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Balquidder (Baile-cul-tir) = the town of the back lying country. Beal' an Duine or Bealach an Duine = the pass of the men or people.
Beal' Maha (Bealach-magha)=the pass of the plain.
Beal'-nam-bo=the pass of the cattle.
Ben-an, either the diminutive of Ben or Beinn and so the little mountain; or the lonely mountain (Ben-aon), in allusion to its position; or the mountain of the river (Beinn-n'an).
Ben-Ledi (Beinn_le_Dia)=the_mountain of God. According to Robertson, on Beltane day fires were lighted on the summit of Ben-ledi in honour of the god Bel or Baal, from whose name Robertson derives 'Beltane.' (Beil teine = fire of Baal.) This derivation is not now generally accepted.
Ben-Venue (Beinn Mheadhonaidh. Mh being sounded like v, dh being mute in both cases) = the middle mountain, in allusion to its position between Ben-Ledi and Ben Lomond.
Bracklinn=the white foaming pool; or the speckled pool.
Brigg of Turk=the bridge of the wild boar (Gaelic, torc=a wild boar) said to be in allusion to a wild boar slain there.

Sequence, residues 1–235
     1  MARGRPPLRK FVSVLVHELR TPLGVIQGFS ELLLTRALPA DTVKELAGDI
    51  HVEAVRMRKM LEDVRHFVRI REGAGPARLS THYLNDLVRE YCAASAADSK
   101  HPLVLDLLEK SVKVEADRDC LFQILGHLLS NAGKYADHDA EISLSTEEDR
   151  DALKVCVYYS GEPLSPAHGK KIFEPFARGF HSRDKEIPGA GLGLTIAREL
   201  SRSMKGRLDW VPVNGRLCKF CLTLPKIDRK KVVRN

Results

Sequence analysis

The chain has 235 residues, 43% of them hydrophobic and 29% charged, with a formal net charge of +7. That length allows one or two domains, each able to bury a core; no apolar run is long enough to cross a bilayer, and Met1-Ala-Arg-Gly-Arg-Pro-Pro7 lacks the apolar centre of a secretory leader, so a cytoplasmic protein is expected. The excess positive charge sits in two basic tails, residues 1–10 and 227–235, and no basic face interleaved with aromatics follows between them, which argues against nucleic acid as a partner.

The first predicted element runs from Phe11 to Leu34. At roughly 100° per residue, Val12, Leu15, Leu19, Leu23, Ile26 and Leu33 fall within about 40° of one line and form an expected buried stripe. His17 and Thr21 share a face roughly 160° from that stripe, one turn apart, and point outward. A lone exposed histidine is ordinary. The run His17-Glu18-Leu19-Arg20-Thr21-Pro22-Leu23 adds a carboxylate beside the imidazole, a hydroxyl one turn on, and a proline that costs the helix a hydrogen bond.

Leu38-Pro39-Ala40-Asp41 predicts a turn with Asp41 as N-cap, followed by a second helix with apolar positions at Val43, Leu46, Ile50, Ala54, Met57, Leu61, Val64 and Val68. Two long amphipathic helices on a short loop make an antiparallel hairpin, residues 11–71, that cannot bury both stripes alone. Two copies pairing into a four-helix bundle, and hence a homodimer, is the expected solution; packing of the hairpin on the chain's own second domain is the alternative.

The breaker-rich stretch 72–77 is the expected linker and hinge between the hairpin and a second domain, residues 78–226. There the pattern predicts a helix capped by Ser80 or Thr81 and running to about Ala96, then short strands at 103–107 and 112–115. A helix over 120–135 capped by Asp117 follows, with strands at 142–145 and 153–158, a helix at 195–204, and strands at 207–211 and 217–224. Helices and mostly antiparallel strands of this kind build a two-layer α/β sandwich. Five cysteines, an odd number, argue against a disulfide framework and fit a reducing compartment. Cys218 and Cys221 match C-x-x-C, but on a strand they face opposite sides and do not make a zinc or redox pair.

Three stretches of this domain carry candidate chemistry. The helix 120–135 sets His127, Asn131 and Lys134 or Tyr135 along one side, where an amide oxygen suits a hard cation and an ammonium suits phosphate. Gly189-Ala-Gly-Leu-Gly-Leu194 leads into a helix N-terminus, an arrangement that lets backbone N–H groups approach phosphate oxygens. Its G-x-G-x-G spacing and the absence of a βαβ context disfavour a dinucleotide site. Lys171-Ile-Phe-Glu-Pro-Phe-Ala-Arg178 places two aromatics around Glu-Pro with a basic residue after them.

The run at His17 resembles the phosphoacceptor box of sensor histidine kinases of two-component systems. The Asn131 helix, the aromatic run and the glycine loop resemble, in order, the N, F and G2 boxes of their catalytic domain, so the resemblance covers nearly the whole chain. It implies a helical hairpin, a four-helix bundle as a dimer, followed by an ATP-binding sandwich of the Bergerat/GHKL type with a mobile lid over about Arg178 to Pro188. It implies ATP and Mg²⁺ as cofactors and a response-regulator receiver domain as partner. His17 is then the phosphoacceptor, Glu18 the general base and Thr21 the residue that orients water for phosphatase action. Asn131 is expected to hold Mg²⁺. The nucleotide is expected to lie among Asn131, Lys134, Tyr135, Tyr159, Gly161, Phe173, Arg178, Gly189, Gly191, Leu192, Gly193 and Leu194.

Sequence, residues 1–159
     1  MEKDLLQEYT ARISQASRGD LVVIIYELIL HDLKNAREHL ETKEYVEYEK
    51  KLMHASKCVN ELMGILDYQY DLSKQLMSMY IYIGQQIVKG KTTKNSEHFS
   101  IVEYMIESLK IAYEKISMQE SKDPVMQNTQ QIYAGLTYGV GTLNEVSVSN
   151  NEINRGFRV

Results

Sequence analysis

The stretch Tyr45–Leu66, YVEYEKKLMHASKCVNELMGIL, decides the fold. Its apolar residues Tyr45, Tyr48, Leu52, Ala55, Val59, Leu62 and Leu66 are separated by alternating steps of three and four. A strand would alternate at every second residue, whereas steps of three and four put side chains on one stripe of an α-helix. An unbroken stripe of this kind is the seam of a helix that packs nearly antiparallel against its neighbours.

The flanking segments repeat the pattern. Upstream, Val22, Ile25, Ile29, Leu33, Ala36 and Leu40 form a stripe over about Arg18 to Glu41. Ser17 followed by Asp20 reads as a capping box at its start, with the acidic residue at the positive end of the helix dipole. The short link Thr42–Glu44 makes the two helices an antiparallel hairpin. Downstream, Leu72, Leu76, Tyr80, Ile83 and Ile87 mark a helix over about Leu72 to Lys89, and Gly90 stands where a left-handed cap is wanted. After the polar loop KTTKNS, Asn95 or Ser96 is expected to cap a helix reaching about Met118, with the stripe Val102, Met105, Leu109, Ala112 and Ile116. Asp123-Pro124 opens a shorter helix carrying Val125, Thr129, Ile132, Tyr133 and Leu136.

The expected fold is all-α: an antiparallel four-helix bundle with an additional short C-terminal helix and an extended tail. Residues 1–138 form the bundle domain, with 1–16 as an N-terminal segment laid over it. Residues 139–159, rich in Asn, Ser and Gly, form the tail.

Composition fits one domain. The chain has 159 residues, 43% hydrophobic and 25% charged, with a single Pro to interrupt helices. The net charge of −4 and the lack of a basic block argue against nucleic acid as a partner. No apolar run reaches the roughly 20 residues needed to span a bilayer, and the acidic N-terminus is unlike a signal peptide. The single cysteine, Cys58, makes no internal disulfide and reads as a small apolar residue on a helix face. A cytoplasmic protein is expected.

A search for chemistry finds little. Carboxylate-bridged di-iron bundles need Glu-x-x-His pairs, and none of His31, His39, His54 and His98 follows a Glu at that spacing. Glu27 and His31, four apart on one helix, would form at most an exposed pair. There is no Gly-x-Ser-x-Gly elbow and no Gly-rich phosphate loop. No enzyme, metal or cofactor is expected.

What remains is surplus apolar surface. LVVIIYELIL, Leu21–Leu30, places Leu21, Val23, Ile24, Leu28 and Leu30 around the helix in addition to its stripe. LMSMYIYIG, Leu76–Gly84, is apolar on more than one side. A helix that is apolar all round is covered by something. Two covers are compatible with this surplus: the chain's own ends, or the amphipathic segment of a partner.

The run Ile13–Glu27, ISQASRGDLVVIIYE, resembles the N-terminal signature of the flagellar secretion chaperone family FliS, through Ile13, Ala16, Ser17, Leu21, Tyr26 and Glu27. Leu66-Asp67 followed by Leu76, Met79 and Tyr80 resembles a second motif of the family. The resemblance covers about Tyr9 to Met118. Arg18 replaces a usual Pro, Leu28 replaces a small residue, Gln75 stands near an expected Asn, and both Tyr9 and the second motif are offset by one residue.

Doune a fort (Gaelic Dun).
Glenartney (Gleann-ard-an-fheigh; fh being mute) = the high valley of the deer.
Glenfinlas (Gleann-fionn-glas) = the grey white valley.
Glen-Fruin the valley of wailing, or, according to Robertson, the valley of sheltered places (Gleann-fraoin).
Inch-Caillaich the island of nuns, or old women.
formerly a nunnery on the island.
Loch Achray (Achadh-radh; dh being mute)=the lake of the level field.
Loch Earn (Loch-Ear-an) = the lake of the east-flowing river.
Loch Katrine=the lake of the Caterans or Highland robbers; or the lake of the battle (Loch Cath-trian).
Said to be named from an ancient Caledonian hero
Loch Lubnaig=the lake of small bends (Gaelic lub=a bend).
Loch Vennachar=the lake of the fair valley.
Strath-Ire or Strathyre (Strath-iar)=the western valley.
Trosachs or Trossachs = the bristled or rough country. (Gaelic, troschen rough.)